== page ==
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The Case for Active Investing in China

Passive fund giant Vanguard has chosen China to go active. Why?

Kate Lin, CAIA 03 January, 2022 | 16:19
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Kate Lin: Welcome to Morningstar. Passive fund giant Vanguard has chosen China to go active. Why? We are talking to Claire Liang, Senior Analyst for Morningstar Manager Research, today. Hi, Claire.


Claire Liang: Hi, Kate.


Lin: Vanguard says China's vast but inefficient market offers opportunity for active managers to generate alpha. Is this true?


Liang: Yes. I think China's equity market is ideal for active fund managers given that it is less efficient than the developed markets, especially the onshore China A share market, which presents a lot of alpha opportunity. We did the latest China active/passive barometer in May this year, which measures the performance of onshore China domiciled active funds against their passive peers in their respective Morningstar categories. And one of the key findings is that 76% of active diversified stock-heavy funds survived and outperformed their average passive peers during the trailing 10-year period through December 2020.


I think one of the reasons for that is the market is retail driven. There is a high level of participation from retail investors who are generally less focused on company fundamentals, and they account for around 80% of the average daily trading volume of the onshore market. So, this creates mispricing opportunities for more sophisticated and well-resourced investors who has the ability to do proper due diligence. The breadth and depth of the China equity market also allows active fund managers to add value through stock picking.


Lin: I see. Other than onshore stocks, the Vanguard fund is going to invest in offshore securities. What does it mean for investors?


Liang: Well, investing in both onshore and offshore China equities, or an all-China approach we call, can provide investors a broader opportunity set. Both the onshore and offshore markets have their unique investment universe that are only available on their respective exchanges and not listed elsewhere, such as the Chinese liquor companies for China A shares or the internet giants for official China equities. So, adopting an all-China approach can allow active fund managers to capture the best investment opportunities that China has to offer regardless of listing locations.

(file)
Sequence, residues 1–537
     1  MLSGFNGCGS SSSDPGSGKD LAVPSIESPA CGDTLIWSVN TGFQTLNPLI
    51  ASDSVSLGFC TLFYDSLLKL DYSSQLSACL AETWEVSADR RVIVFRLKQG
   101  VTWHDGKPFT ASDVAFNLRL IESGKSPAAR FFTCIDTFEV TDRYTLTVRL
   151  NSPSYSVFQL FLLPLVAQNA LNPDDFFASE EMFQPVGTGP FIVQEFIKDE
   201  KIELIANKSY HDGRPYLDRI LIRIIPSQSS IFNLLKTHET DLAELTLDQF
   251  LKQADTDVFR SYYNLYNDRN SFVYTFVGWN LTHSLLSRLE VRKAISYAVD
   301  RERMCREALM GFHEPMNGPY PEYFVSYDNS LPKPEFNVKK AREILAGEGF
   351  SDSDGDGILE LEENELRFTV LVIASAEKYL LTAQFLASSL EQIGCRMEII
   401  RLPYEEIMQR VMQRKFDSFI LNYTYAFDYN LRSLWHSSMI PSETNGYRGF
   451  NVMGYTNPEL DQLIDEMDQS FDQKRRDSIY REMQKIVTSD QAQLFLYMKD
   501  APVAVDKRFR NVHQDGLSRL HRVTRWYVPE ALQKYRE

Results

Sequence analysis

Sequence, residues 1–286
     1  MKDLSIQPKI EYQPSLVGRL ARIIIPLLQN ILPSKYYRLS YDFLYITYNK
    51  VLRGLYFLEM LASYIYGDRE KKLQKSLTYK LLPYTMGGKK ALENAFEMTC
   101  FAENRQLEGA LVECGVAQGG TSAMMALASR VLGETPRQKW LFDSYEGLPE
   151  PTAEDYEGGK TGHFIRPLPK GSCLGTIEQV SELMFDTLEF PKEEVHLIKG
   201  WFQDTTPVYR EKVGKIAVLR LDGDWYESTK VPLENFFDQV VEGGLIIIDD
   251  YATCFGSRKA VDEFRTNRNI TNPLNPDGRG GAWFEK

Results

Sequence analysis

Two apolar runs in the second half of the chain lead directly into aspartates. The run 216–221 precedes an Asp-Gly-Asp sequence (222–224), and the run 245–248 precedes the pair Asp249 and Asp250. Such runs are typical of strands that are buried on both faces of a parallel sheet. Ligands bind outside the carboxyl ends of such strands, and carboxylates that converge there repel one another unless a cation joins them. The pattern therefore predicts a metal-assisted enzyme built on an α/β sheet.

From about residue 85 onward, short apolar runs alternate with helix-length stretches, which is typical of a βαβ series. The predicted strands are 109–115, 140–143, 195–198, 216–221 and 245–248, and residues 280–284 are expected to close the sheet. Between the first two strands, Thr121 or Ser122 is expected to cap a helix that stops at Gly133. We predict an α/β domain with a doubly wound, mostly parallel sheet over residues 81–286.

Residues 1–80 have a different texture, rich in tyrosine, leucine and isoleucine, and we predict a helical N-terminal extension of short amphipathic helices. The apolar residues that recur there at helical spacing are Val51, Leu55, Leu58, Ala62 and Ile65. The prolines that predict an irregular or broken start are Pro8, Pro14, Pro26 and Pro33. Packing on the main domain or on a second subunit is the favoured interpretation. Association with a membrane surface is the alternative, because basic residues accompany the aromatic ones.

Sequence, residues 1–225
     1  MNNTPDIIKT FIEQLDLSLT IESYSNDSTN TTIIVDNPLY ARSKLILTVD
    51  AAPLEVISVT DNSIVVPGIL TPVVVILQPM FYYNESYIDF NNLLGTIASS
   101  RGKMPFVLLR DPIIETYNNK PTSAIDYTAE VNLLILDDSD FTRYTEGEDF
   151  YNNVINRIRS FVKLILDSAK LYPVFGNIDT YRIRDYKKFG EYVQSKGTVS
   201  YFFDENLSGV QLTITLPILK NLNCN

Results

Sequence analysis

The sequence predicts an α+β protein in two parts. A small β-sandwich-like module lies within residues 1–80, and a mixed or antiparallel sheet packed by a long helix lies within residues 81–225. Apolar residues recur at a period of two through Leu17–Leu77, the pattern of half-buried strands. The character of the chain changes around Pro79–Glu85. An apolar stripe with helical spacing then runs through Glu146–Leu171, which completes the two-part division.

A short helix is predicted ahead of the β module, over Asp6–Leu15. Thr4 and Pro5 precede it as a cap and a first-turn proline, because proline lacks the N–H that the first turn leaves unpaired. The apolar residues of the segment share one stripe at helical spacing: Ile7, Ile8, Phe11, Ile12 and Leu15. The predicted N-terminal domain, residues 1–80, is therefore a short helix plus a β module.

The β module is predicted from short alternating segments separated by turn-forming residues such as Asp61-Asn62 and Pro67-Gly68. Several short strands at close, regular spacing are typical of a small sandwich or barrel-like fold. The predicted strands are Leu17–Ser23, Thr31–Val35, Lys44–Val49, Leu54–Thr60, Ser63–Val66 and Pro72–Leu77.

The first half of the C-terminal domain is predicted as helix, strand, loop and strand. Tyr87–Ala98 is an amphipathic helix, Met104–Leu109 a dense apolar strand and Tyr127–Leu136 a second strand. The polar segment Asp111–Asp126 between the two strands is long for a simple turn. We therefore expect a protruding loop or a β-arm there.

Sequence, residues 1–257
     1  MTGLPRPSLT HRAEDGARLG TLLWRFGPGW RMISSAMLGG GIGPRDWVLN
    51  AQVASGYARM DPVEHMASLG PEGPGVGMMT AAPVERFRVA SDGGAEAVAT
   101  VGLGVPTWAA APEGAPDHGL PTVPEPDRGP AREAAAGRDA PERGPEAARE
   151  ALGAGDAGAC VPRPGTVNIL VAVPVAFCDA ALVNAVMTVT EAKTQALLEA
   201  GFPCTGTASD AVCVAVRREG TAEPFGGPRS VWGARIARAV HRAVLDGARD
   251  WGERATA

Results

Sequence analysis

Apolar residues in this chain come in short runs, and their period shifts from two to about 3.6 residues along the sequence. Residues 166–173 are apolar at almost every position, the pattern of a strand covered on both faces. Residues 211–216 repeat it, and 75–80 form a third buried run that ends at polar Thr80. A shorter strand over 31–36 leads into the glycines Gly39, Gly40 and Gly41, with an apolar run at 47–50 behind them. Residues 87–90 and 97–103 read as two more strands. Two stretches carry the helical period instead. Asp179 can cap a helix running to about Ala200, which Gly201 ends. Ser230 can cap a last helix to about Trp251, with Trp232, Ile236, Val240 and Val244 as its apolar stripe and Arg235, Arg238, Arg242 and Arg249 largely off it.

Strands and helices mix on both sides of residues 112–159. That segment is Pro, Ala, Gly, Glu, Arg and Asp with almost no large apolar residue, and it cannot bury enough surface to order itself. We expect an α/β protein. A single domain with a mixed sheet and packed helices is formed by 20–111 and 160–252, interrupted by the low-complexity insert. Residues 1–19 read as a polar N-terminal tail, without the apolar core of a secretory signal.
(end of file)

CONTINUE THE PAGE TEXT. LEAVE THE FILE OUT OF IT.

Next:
Lin: So, will there be any diversification benefits investing this way?


Liang: Yes, you are right. So, there can be some diversification benefits, given the different market dynamics between the onshore and offshore China equities. So, this year is actually a good example where the onshore and offshore China equities performed quite differently. That being said, Chinese equities are still subject to some common factors such as China macroenvironment and government policies, no matter where it's listed. So, the correlation between the A shares and offshore-listed Chinese equities will be higher than, let's say, the correlation between China A shares and U.S. equities. So, from a diversification perspective, an all-China strategy is still best suited as a supplementing role within a broad portfolio.


Lin: Right. So, finally, in your experience, in what ways are offshore fund providers better or worse than onshore providers?


Liang: Well, offshore or global fund managers, they are generally more experienced than domestic China fund managers. Many of them have gone through multiple market cycles and they have formed a structured and disciplined investment approach. On the other hand, the domestic China fund managers can be more familiar with the China A shares, which is their home market. So, this allows them to invest across the full market spectrum and to capture alpha opportunities yet in less known companies.


Lin: Perfect. Thank you so much, Claire. From Morningstar, I'm Kate Lin.


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About Author

Kate Lin, CAIA

Kate Lin, CAIA  is a Data Journalist for Morningstar Asia, and is based in Hong Kong

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